Few ships manage to both sink on their maiden voyage and be one of the most dangerous vessels ever to sail the seas at the same time (as well as even have a song written about it), but the massive German dreadnaught managed to do all three. The pride of the German navy and a ship once described by Winston Churchill as, "a masterpiece of naval construction," the fast and heavily armed warship ran roughshod over the Royal Navy for eight days in May of 1941, during which time she shocked the British by blowing the famous battlecruiser Hood out of the water and badly damaging the spanking-new battleship Prince of Wales off the Icelandic coast in a battle that lasted all of twenty minutes. Finally cornered off the coast of France on May 27th, 1941 by the British battleships King George V and Rodney, the damaged ship put up a furious fight against the overwhelmingly superior British force before finally succumbing to the onslaught and slipping to the bottom of the Atlantic, taking all but 114 of her 2,200 man crew down with her.
THEBOMB

Con

MV Do�a Paz

On December 20, 1987, a Philippine registered passenger ferry known as the MV Do�a Paz collided with the MT Vector. The MV Do�a Paz was traveling from Leyete Island to Manila. The collision, and the resulting fire, is considered to be the deadliest peacetime sea tragedy in history. 4,375 people died and many more were wounded in this fateful collision.
Debate Round No. 4
1Historygenius

Pro

My next ship:

The sinking of the Maine

Warships are usually sunk as a result of the outbreak of war; rarely are their sinkings the reason for starting the war in the first place, but that's exactly what happened when the small but powerful little battleship Maine blew up in Havana harbor shortly after dusk on February 15, 1898, killing 261 of her 355-man crew. Though the cause of the explosion—which literally blew the ship in half—remains a source for some debate even to this day (a coal bin fire setting off ammunition in one of the ship's magazines being considered the most likely reason), within weeks of the disaster investigators announced that the ship appeared to have been destroyed by a mine attached to her hull. Since relations between the United States and Spain were already pretty dicey as a result of Spain's iron-fisted efforts at putting down a large-scale rebellion in Cuba, most Americans quickly jumped to the conclusion that the Spanish had destroyed the ship (despite the lack of logic in doing so) and demanded retaliation. Buckling to public pressure and spurred-on by the jingoistic flavor of the press of the day, a few weeks later the McKinley administration declared war on Spain, resulting in one of America's shortest and most successful conflicts (the Persian Gulf War being the other). Fortunately for the largely under-armed United States, Spain was already in decline as a world power and lacked the means to adequately defend its overseas colonies, forcing her to surrender after just three months and cede Cuba, Puerto Rico and the Philippines to the United States. The victory marked America's entrance onto the world stage and her ascension as a genuine colonial power and the rest is, as they say, history. So what became of the demolished battleship? What was left of it was raised from the muck of Havana harbor in 1911 and towed out to open ocean, where she was sunk—again—but this time on purpose and with full military honors. Not much left of her today, of course, other than her legacy and the rarely heard battle-cry "Remember the Maine!" This ship had even a bigger effect by being one of the causes of starting a war.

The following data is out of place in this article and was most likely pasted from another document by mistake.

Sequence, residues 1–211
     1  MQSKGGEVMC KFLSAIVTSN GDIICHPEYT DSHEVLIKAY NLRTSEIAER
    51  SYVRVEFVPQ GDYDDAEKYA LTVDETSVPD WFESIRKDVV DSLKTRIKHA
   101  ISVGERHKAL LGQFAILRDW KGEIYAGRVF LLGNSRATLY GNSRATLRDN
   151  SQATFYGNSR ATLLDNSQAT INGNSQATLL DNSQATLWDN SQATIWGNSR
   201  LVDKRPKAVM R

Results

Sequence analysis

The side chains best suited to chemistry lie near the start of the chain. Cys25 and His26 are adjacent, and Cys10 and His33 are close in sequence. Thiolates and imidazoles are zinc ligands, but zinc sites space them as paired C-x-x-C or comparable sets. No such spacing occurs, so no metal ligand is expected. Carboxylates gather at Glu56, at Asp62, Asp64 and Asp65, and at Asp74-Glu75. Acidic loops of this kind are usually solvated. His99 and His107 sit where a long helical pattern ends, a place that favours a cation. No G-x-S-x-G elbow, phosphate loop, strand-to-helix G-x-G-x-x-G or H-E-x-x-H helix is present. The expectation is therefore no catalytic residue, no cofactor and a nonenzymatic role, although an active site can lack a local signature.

THEBOMB

Con

My final ship:

Yamato

During World War II, the Japanese Navy boasted the largest battle ship ever built which mounted the largest gun ever built. This single ship, along with it's sister ship the Musashi, was a symbol of the Japanese naval power at that time period. In fact, the Yamato was sometimes used to refer to the Empire of Japan. The Yamato was finally defeated by US aircraft and it's sinking in the final days of war symbolizes Japan's defeat.
Debate Round No. 5
1 comment has been posted on this debate.
Posted by 16kadams 5 years ago
16kadams
plagiarizer!
6 votes have been placed for this debate. Showing 1 through 6 records.